Link workers

Social prescribing link workers who are a new addition to the health and care workforce are being employed across all Primary Care Networks in England and have played a big role in this type of support. Through them, the aim is for social prescribing to reach nearly a million people by 2024.   Link workers spend time with people, seek to understand what’s important for them to lead a more active and connected life and then link them up with community based support- which could mean anything from cooking classes to walking groups, and of course access to music and the arts. Implementing Universal Personalised Care is part of commitments made by the NHS for what the health and care system should look like in the future.  Perhaps one in which the power of music and the arts is more widely recognised as a way of supporting people to maintain good health and well-being.

Access to the arts

But help is needed – a wide range of partners need to continue the powerful social movement that has created social prescribing so far. The National Academy for Social Prescribing will provide powerful voice for the many thousands of people, communities and organisations working across the country to deliver daily support to people by supporting them to access the arts and music alongside other activities.  We look forward to working with innovative specialist organisations like Music for Dementia to create new opportunities for people to connect and develop through music.

There will continue to be challenges. But the prize of coordinated, national action across the many thousands of people and partners already working together in order to improve lives is a big one. Let’s see what the role of music can be within this revolution.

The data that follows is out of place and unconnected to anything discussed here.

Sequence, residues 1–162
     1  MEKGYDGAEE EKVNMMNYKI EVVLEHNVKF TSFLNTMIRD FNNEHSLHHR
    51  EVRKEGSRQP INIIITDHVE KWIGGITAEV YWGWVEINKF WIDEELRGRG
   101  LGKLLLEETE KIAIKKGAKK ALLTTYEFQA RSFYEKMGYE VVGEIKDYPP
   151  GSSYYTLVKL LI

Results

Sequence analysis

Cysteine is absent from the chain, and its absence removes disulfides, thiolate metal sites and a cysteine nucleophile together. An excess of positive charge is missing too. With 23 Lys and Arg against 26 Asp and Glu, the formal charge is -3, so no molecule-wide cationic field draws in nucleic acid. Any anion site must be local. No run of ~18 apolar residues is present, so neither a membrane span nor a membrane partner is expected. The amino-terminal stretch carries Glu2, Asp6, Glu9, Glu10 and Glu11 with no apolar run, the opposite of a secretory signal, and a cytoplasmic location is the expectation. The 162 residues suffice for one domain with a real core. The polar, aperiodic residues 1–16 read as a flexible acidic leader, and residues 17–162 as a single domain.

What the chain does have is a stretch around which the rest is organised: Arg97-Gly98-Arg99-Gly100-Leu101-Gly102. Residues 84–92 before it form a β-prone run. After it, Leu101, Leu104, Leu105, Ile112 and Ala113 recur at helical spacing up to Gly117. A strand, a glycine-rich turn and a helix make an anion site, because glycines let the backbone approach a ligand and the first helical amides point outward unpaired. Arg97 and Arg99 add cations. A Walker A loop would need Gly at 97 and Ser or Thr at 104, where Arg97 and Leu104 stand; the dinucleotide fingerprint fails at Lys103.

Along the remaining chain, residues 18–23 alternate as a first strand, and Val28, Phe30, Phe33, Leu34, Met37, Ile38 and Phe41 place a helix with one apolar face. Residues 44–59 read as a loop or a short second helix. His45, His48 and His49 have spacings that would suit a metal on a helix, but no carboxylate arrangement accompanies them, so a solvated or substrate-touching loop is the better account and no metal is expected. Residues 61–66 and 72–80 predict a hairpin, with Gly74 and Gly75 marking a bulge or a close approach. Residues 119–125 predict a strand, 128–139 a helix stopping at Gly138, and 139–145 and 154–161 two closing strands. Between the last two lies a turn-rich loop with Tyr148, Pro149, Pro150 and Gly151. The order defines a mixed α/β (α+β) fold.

BIOGRAPHY

James Sanderson is the Director of Personalised Care at NHS England and NHS Improvement where he leads on a range of programmes that are supporting people to have greater choice and control over their health and wellbeing.  James also became the CEO to the National Academy for Social Prescribing (NASP) in 2019 where James leads on creating partnerships, across the arts, health, sports, leisure, and the natural environment, alongside other aspects of our lives, to promote health and wellbeing at a national and local level. View the NASP strategy here.

James joined NHS England in November 2015 and was formerly the Chief Executive and Accounting Officer for the Independent Living Fund (ILF). The ILF was an arm’s length body of the DWP and supported disabled people across the whole of the UK to live independent lives through the provision of direct payments enabling the purchase of personal assistance support.

Prior to joining the ILF in 2002, James had a career in the motor industry within a number of sales and marketing roles, in both corporate and retail environments. James is a performing arts graduate with a background in community theatre